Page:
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Parties Were Improperly Ordered to Mediation in Grandparent Paternity Case

Saturday, October, 21, 2017

An Indiana legal case was referred to mediation wrongly, according to the Indiana Court of Appeals.   Mediation was inappropriate because the man who filed the paternity action lacked the standing to do so. 


According to court documents, a woman was in a relationship with two men when she became pregnant.   On the day the child was born, one of the men executed a paternity order that he was the child’s father.   He and the mother shared custody. 


During the course of the child’s life, the issue of paternity arose, but the other man died before he was able to establish paternity over the original man thought to be the father.   After his death, the man’s father attempted to establish that his son was the child’s biological father.   He filed a Request for Custody or in the Alternative Request for Grandparent Visitation.   The mother intervened and said the man could not file a paternity action under Indiana law.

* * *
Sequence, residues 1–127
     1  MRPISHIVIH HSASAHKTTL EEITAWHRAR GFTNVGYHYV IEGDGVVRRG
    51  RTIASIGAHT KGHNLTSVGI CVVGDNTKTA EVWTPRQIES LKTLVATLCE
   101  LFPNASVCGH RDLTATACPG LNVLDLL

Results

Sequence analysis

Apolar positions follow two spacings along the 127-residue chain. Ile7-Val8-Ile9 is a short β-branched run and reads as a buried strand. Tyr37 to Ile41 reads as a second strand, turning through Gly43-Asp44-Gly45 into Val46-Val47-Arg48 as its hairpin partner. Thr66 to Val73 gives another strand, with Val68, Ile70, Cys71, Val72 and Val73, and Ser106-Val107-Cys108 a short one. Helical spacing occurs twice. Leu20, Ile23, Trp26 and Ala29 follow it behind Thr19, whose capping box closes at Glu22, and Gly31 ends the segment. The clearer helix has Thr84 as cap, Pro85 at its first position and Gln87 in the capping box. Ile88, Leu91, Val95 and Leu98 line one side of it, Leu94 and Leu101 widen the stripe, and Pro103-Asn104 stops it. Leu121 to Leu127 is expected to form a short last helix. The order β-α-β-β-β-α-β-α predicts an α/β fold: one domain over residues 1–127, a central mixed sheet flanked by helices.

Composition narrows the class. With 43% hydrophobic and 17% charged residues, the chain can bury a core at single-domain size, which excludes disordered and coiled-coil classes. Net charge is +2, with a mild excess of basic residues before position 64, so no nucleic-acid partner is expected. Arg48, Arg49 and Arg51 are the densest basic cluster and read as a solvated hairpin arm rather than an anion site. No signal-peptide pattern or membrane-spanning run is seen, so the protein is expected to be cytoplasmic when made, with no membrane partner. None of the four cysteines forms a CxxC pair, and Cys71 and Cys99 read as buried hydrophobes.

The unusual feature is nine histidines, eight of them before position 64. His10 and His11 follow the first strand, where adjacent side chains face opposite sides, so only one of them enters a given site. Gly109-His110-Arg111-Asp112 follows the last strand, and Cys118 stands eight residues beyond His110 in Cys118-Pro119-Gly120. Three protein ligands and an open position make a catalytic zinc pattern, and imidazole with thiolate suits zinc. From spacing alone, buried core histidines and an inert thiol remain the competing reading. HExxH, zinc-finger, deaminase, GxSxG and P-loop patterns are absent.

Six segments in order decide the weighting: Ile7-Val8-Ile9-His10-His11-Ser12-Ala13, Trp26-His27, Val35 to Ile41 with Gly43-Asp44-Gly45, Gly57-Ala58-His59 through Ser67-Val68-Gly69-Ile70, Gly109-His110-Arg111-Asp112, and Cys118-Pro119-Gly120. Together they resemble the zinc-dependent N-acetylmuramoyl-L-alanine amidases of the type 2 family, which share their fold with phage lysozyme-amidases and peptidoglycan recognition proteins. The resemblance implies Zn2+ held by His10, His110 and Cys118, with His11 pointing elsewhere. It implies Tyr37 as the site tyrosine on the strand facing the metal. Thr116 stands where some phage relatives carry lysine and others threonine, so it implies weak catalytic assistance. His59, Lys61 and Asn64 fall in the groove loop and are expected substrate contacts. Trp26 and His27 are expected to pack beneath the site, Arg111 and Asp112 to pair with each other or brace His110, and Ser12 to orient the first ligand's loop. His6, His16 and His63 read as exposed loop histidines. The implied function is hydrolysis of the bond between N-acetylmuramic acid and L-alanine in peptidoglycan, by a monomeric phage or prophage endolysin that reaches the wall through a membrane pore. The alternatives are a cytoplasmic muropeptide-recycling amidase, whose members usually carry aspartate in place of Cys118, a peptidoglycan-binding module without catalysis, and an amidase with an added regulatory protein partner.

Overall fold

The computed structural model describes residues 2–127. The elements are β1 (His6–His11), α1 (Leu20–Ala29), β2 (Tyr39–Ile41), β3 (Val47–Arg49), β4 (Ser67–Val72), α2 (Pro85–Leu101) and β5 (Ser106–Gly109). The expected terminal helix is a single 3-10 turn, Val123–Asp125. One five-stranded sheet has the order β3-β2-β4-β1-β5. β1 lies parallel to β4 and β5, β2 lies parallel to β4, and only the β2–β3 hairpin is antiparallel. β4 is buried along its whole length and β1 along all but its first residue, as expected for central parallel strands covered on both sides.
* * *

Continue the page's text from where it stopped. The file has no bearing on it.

The child’s mother and man who claimed to be his biological grandfather entered into mediation, agreeing that the man’s son was the biological father, but that the original custody arrangement would not change.   The man claiming to be the grandfather could visit with the child, but could not speak to the child about the relationship. 


The mother learned though that he had and ceased honoring their mediated agreement.  


The Indiana Court of Appeals ultimately stepped in and remanded the case for trial to determine how much the man claiming to be the grandparent should pay in attorney’s fees.   According to the court, the man never had standing to file for paternity or custody, and therefore, mediation was never appropriate.